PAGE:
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Unsuspecting school kids fed tainted beef – DOE confirms ‘unfit’ meat was served

By Michèle De Meglio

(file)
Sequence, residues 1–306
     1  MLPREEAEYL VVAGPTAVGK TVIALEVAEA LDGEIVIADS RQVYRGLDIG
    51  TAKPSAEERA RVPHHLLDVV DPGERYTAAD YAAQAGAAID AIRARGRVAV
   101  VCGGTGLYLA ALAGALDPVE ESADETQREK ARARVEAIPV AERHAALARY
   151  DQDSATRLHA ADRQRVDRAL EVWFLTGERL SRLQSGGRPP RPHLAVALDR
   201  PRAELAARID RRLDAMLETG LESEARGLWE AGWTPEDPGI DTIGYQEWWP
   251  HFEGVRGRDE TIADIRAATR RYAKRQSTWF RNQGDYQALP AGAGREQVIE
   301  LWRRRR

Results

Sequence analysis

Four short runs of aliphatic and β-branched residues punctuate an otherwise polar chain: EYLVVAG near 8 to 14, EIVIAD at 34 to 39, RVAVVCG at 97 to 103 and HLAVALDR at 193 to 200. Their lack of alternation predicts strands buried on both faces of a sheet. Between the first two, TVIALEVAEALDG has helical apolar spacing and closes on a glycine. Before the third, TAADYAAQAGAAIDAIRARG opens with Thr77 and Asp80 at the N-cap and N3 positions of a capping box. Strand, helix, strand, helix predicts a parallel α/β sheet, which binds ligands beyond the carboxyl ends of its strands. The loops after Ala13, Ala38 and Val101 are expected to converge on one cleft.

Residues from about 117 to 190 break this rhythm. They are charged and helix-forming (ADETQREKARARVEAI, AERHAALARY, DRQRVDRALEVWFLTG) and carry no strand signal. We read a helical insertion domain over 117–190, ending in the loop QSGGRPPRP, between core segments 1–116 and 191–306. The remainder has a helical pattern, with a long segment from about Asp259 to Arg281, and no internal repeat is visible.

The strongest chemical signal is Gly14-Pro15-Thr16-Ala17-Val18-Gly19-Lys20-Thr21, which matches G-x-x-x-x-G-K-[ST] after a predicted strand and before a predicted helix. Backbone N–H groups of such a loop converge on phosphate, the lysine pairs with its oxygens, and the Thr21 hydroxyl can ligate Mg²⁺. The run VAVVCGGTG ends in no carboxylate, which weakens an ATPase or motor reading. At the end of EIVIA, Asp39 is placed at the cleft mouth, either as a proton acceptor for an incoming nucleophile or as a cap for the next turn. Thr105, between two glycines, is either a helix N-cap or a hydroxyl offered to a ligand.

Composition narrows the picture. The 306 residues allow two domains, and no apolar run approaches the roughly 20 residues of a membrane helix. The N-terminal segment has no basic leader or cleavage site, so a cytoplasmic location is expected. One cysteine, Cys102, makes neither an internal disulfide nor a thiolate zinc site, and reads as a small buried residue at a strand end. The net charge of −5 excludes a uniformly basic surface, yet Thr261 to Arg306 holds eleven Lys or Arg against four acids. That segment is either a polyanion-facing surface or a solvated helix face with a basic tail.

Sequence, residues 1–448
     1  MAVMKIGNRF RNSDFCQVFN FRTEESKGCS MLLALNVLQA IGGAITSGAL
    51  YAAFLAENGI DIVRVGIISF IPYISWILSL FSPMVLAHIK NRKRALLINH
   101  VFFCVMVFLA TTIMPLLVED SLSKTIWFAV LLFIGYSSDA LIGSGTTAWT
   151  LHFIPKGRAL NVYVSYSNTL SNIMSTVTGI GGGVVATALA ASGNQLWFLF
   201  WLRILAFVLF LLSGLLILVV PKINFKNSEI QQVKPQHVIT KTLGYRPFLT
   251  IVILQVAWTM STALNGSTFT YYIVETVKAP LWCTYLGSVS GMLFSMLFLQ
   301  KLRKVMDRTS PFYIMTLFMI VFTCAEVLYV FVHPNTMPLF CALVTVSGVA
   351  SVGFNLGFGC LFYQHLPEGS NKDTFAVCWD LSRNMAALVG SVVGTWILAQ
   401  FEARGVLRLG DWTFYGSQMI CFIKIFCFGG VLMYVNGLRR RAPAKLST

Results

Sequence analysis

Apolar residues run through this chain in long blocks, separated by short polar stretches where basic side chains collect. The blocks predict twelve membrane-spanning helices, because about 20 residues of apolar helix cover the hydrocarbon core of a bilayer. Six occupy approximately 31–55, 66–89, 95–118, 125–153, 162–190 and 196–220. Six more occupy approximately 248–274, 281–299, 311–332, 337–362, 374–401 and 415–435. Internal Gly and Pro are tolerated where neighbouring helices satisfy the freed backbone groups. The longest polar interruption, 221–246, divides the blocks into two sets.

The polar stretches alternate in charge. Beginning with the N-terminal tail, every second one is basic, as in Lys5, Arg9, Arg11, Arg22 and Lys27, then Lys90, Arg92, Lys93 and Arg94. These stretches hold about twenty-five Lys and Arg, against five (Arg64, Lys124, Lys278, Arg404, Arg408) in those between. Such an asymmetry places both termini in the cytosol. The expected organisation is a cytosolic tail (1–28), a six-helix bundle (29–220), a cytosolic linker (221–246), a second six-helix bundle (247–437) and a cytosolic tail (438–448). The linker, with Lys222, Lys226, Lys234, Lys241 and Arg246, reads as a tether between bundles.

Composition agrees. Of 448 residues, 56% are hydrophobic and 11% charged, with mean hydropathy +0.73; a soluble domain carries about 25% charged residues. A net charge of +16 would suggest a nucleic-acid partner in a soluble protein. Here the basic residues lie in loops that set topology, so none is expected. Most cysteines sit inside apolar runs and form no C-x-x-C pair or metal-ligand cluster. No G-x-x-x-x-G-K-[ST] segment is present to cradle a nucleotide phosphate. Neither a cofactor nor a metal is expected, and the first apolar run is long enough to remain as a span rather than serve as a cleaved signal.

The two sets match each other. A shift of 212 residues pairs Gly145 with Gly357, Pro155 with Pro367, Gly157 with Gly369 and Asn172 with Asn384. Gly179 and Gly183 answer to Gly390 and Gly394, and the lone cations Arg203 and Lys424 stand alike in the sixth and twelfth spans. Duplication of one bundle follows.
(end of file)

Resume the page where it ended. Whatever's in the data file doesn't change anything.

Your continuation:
Brooklyn public school students consumed beef the federal government deemed “unfit for human food.” Prior to learning that the U.S. Department of Agriculture (USDA) was to recall 143 million pounds of meat because sick cows were slaughtered, the city Department of Education (DOE) served the beef in school lunches. “Some of the beef was used,” explained DOE spokesperson Margie Feinberg. Concerns have been raised about the quality of the meat because sick cows, called downers, can carry illnesses and bacteria. Secretary of Agriculture Ed Schafer said, “Because the cattle did not receive complete and proper inspection, FSIS [the USDA’s Food Safety and Inspection Service] has determined them to be unfit for human food.” The USDA asserted that the potential for illness among those who ate the meat is slim. “We implement a series of safeguards to protect against food-borne disease,” Schafer explained. “It is extremely unlikely that these animals were at risk for BSE [bovine spongiform encephalopathy, which is also known as mad cow disease] because of the multiple safeguards.” Feinberg said, “The USDA is calling this a Class II recall, which means there is a remote possibility of adverse effects.” A Class I recall is more serious and involves the presence of E. coli, which can cause health problems. Feinberg noted, “There have been no reports of adverse effects” from public school students who consumed the meat before the recall. The DOE is now “destroying” all remaining beef from the slaughterhouse that supplied the meat. New York City public schools stopped serving beef earlier this month. “On February 4, when we heard about a possible announcement, we took it upon ourselves to stop providing hamburgers as a precaution,” Feinberg said. But if the DOE was aware of concerns about the beef, parents wonder why they weren’t informed. “I think that they need to absolutely make sure that all the parents are aware,” said Bedford-Stuyvesant resident Carmen Colon, who has three children in city schools. “Would I go as far as putting a letter in the mail? I would because we don’t know who got sick because of this. We don’t know who stayed home because of a stomach flu.” Francis Byrd, whose son is in the fourth grade at P.S. 282 in Park Slope, said the DOE likely kept the information private to avoid creating a panic. “They probably needed to wait until the [USDA’s] announcement was made,” he said. Feinberg explained, “The DOE was never notified officially until this week.”

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